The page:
Washington (CNN) -- Congressional experience isn't the political asset it once was for presidential hopefuls, according to a new national poll.
Instead, a Pew Research Center survey released Monday indicates that serving as a governor may be a better training ground for White House contenders.
According to the poll, 44% of Americans say that serving as a governor better prepares someone to be president, with an equal amount saying serving in Congress is the better preparation. That's a dramatic change from 1987, when by a three-to-one margin Americans said serving in Congress rather than as a governor was the best preparation for being president. Even seven years ago, by at 55%-24% margin, the public said Congress was a better place to get prepared for higher office.
In a separate question which tested whether 16 traits and characteristics would make someone more or less likely to support a candidate for president, a third say they'd be more likely to support a presidential candidate with experience as a governor, compared to only 19% who say they'd be more likely to support a candidate with "many years" of experience as an elected official in Washington.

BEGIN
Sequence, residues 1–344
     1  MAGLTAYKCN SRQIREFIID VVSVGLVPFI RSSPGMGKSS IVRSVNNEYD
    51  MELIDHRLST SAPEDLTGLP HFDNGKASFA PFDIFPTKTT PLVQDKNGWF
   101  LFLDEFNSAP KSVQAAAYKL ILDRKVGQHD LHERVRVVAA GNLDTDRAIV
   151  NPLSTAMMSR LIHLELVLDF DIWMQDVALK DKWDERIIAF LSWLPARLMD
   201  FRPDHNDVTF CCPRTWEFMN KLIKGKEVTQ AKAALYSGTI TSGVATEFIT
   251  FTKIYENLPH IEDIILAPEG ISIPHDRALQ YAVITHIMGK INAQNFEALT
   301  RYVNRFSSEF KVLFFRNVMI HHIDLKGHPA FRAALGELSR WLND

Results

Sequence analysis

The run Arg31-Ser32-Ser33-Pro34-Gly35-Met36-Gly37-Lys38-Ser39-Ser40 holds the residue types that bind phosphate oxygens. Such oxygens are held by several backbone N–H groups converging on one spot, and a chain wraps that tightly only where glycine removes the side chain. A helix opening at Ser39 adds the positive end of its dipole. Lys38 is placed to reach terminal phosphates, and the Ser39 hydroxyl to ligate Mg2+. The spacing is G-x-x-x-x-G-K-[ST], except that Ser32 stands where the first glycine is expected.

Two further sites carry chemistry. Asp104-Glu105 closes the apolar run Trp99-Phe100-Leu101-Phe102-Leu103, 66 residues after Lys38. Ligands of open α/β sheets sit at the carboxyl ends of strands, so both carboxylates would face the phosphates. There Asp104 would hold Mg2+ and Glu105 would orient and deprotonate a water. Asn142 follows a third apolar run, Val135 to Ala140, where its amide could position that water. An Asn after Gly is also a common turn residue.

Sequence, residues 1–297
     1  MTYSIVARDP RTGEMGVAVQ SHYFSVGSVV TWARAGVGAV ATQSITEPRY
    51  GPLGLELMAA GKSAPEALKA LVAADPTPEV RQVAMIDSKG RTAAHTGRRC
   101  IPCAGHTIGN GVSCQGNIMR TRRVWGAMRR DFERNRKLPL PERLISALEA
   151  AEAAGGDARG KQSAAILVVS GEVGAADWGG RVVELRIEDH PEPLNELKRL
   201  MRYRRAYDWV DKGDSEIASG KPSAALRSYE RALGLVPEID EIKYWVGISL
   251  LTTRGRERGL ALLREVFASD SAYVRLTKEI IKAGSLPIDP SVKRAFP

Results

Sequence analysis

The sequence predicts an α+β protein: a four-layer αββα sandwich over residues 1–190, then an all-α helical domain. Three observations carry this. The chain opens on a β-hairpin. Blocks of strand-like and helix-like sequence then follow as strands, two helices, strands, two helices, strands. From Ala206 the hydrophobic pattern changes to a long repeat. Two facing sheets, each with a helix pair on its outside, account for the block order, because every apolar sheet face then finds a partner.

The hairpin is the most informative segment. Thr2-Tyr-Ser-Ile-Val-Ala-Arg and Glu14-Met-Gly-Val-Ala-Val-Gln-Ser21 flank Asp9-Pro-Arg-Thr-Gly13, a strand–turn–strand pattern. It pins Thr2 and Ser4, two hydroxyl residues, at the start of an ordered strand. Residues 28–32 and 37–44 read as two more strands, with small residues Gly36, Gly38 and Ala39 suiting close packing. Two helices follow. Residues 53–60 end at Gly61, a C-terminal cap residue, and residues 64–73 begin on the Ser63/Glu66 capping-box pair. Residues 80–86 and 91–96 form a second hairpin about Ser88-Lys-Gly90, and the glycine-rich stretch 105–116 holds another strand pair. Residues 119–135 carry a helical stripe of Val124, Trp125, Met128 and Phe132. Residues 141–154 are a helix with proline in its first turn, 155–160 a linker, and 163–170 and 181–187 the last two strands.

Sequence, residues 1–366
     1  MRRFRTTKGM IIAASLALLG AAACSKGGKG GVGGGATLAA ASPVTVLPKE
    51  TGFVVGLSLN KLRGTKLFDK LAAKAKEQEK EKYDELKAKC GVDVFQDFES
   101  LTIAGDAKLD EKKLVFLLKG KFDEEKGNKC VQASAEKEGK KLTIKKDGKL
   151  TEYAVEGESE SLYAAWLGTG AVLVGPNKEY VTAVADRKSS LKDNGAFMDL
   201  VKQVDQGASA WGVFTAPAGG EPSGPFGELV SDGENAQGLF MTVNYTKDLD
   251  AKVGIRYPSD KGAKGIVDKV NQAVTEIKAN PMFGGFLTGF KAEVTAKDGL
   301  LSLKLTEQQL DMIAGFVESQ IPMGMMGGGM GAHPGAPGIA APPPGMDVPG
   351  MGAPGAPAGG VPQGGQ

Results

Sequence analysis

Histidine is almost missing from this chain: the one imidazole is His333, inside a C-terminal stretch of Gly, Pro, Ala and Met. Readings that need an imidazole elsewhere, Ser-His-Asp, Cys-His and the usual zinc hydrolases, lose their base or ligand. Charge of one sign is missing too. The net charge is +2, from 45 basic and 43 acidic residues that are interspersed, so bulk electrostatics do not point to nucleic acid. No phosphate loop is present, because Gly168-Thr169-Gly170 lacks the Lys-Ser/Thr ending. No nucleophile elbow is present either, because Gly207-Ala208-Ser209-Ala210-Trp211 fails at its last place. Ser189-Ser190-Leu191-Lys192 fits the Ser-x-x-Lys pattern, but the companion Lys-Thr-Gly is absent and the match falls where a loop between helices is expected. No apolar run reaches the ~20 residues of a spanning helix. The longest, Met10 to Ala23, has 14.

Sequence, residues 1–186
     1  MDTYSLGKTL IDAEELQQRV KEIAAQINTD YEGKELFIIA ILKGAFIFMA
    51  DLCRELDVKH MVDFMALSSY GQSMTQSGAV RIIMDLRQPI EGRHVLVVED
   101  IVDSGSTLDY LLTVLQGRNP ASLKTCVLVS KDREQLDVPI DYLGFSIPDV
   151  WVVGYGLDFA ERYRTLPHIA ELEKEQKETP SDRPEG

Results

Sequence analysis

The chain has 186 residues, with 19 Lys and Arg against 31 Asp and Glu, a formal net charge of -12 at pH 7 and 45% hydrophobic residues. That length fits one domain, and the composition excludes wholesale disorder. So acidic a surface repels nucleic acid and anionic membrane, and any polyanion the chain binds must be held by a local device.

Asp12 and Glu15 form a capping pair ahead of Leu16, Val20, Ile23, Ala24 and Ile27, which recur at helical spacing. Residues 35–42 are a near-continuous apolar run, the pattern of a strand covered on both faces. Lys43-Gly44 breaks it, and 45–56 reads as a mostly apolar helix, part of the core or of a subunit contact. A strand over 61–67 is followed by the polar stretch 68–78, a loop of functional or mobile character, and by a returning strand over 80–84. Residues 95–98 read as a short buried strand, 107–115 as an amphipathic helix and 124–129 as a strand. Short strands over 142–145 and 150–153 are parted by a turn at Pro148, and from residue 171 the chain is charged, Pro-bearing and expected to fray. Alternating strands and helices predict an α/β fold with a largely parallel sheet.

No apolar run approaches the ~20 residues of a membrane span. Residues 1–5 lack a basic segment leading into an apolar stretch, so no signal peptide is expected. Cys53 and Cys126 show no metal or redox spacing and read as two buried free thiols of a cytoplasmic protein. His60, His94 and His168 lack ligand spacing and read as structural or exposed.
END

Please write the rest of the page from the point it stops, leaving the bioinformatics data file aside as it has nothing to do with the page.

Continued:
The 19% who say they'd be more likely to support a presidential contender with lots of Washington experience was down from 35% just seven years ago.
In 2008 Barack Obama became the first sitting U.S senator since John F. Kennedy in 1960 to win election to the White House. But Obama had only served in the Senate for four years before winning the presidency. Before his 2004 election to the Senate, Obama was a state lawmaker in Illinois.
Obama's two immediate predecessors, George W. Bush and Bill Clinton, were sitting governors when they were elected president.
The Pew poll indicates that military service remains the most valuable asset for a presidential hopeful among the 16 traits and characteristics. Forty-three percent of those questioned say they would be more likely to back a presidential candidate with military experience.
At the other end of the spectrum, not believing in God and never having held any elective office are seen as the most negative traits.
The Pew Research Center poll was conducted April 23-27, with 1,501 adults nationwide questioned by telephone. The survey's overall sampling error is plus or minus 2.9 percentage points.
CNN Political Editor Paul Steinhauser contributed to this report.